Are schools failing students when it comes to money matters?


Something may be missing as high school seniors across America accept their diplomas this graduation season.

Those years of K-12 learning likely provided them opportunities to learn about historic figures, find Canada on a map and dissect a frog.

But superintendents at most school districts across the country have failed to include required classes in the core curriculum that would help ensure the teenagers are prepared to handle money wisely after they graduate.

The teens’ financial illiteracy could prove costly throughout their lives as they make – or fail to make – decisions about purchasing an automobile, borrowing for college, taking out a mortgage, saving for retirement and racking up credit card debt.

It’s a potentially disastrous scenario just waiting to unfold, says Jim Chilton, founder and chief executive officer of the non-profit Society for Financial Awareness (www.sofausa.org).

“Most of our schools do little or nothing to teach students about financial literacy, even though it’s a practical skill that will serve them all their lives,” says Chilton, whose organization’s mission is to “eliminate financial illiteracy, one community at a time.”

SOFA does that by conducting free workshops and seminars for corporations, small businesses, government agencies, community colleges, libraries, churches or organizations.

Chilton says the need for his organization’s services is great because so many adults, uneducated in the ways of money, struggle to understand finances and are prone to making decisions that prove costly to their bank accounts, retirement funds and investments.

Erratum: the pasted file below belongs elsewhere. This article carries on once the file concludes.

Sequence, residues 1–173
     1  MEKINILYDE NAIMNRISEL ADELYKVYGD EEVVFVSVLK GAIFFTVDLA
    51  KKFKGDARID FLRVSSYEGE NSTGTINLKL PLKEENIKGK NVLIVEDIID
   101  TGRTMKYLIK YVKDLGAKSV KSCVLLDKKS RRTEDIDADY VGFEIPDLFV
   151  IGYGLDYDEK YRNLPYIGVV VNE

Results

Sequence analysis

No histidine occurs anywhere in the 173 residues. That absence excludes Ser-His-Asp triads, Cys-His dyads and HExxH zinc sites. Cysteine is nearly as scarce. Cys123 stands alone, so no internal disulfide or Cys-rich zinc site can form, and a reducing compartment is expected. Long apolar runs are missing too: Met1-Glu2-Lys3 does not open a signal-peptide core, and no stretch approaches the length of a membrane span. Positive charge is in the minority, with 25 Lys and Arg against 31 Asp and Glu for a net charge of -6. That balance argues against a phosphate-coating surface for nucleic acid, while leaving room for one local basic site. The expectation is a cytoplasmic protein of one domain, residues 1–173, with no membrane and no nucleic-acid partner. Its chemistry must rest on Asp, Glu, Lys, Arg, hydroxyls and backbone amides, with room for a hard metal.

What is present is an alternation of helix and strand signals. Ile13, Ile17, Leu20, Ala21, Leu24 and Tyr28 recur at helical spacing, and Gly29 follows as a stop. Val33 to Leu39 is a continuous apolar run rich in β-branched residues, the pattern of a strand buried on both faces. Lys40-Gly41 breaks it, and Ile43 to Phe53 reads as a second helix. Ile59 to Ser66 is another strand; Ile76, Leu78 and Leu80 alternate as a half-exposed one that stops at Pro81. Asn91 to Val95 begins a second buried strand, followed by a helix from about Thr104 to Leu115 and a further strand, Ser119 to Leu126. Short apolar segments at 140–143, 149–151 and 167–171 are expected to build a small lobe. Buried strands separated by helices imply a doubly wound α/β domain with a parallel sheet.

What’s especially frustrating, he says, is that the situation could easily be changed for the nation’s future adults if schools made financial literacy a priority.

“Financial literacy really needs to be part of the core curriculum for every high school in America,” Chilton says. “It’s a subject our young people will have to deal with in life, whether they are prepared or not.”

State education departments are making progress, but in fits and starts, and certainly not with the urgency that is called for, Chilton says. For example, New Jersey now requires that high school students take a course in economics and financial literacy to earn a diploma. The requirement began with the class of 2014.

“New Jersey has the right idea and is to be applauded,” Chilton says. “But the education systems in most states are nowhere near where they need to be if we hope to have a nation of financially literate adults.”

A 2013 study by the Center for Financial Literacy at Champlain College in Vermont gave 11 states an F because they had few or no requirements for personal finance education in high school.

Chilton’s own home state, California, was among the F states, which to him is further demonstration of just how crucial SOFA’s services continue to be.

“That’s downright appalling,” Chilton says. “We really need to turn the situation around. You can look at the spending and saving habits of so many Americans and the need for financial literacy just jumps out at you. People take on too much credit card debt. Many of them don’t set aside money for emergencies. And about one-third of Americans have no retirement savings at all.”

Just seven states earned an A in the Center for Financial Literacy study. Those top-performing states – Georgia, Idaho, Louisiana, Missouri, Tennessee, Utah and Virginia – require a standalone personal finance course or require that personal finance be part of another mandatory course.

New Jersey earned a B in the study, which happened before that state’s new graduation requirement kicked in.

The study noted that “we would not allow a young person to get in the driver’s seat of a car without requiring drivers education, and yet we allow our youth to enter the complex financial world often without any related education.”

It’s a point Chilton wholeheartedly agrees with.

“Change needs to happen in our education system,” he says. “And it can’t happen soon enough.”

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